Good luck!
#5
I found that the first few years, trying to learn chords, scales, techniques makes a better foundation than jumping right in. After I was comfortable with that I moved on to ear training with simple melodies.
Now I can pretty much play any simple melody in my head, just seems to be quite natural after hearing the notes tens of thousands of times, the fingers just go to where the brain wants.

Maybe it's better to start earlier, but I never used tabs, still don't, I'll watch a vid just to see what part of the neck they are on maybe, or stuff that is too fast to figure out by ear.
#6
I hope it isnt too impolite/rude/whatever, to continue this question a little but I am struggling myself. How to START playing by ear? Without any knowledge or skill, the very basics
#7
One way to get started is to learn the sound of a few intervals, such as b2, 2, b3 and 3.

You want to listen to a couple of intervals either melodically (one pitch then the other), or harmonically (both pitches at same time), for a few minutes a day

I'd suggest melodically initially.

You can get software that can randomly generate these ...

Better yet, get a friend to work with you. Get your friend to tell you where (s)he's going to start (e.g 7th fret on D string), and agree together which intervals are going to be used, and then listen as (s)he plays each interval, and try and recognise it by ear, and hence move your fingers the requisite amount to create that interval.

Later, add more intervals.

Later still, start listening to simple chords.

If you're stuck, don't know what intervals are, message me with your email, and I'll help you out.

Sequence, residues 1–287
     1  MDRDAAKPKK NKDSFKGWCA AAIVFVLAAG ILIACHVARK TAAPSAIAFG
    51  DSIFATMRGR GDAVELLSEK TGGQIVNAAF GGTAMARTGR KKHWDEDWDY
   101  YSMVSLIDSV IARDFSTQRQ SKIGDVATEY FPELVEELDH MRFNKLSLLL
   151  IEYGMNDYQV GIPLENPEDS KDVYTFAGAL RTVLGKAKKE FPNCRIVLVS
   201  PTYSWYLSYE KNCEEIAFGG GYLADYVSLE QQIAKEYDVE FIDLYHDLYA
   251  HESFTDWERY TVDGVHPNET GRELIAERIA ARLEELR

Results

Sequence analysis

cheers, Jerry
Last edited by jerrykramskoy at Oct 26, 2014,
#8
Quote by LegendaryBear
I hope it isnt too impolite/rude/whatever, to continue this question a little but I am struggling myself. How to START playing by ear? Without any knowledge or skill, the very basics


It would be impolite only if you somehow didn't read the post above which specifically said, "Start with ..."

#9
Quote by LegendaryBear
I hope it isnt too impolite/rude/whatever, to continue this question a little but I am struggling myself. How to START playing by ear? Without any knowledge or skill, the very basics


You're being led all over the place here, in spite of good intentions.

This is how you start learning by ear:

1) tune your guitar
2) listen to the first bar of music you want to learn and stop the music!
3) through trial and error, find the notes.
4) repeat this process for the entire song- one small part at a time.

You may have to listen to a note or phrase 20 times to get it - that's normal. You may have to slow down faster passages with software - that's fine.
#10
Quote by LegendaryBear
I hope it isnt too impolite/rude/whatever, to continue this question a little but I am struggling myself. How to START playing by ear? Without any knowledge or skill, the very basics


It's not rocket science, but you have some ground to cover but you'll learn really quickly if you can practice every day.

How I would start is by learning some theory:

Try to learn how to build triads in a key.

Learn the pentatonic scale in said key.

Apply this knowledge to your guitar and PLAY. Your ear will start to recognize what sounds "good" and what sounds "bad."

After learning these basics, you have to find other friends/musicians that you can jam with. Hopefully you will find people who aren't jerks and who have more experience than you and they can show you a few things.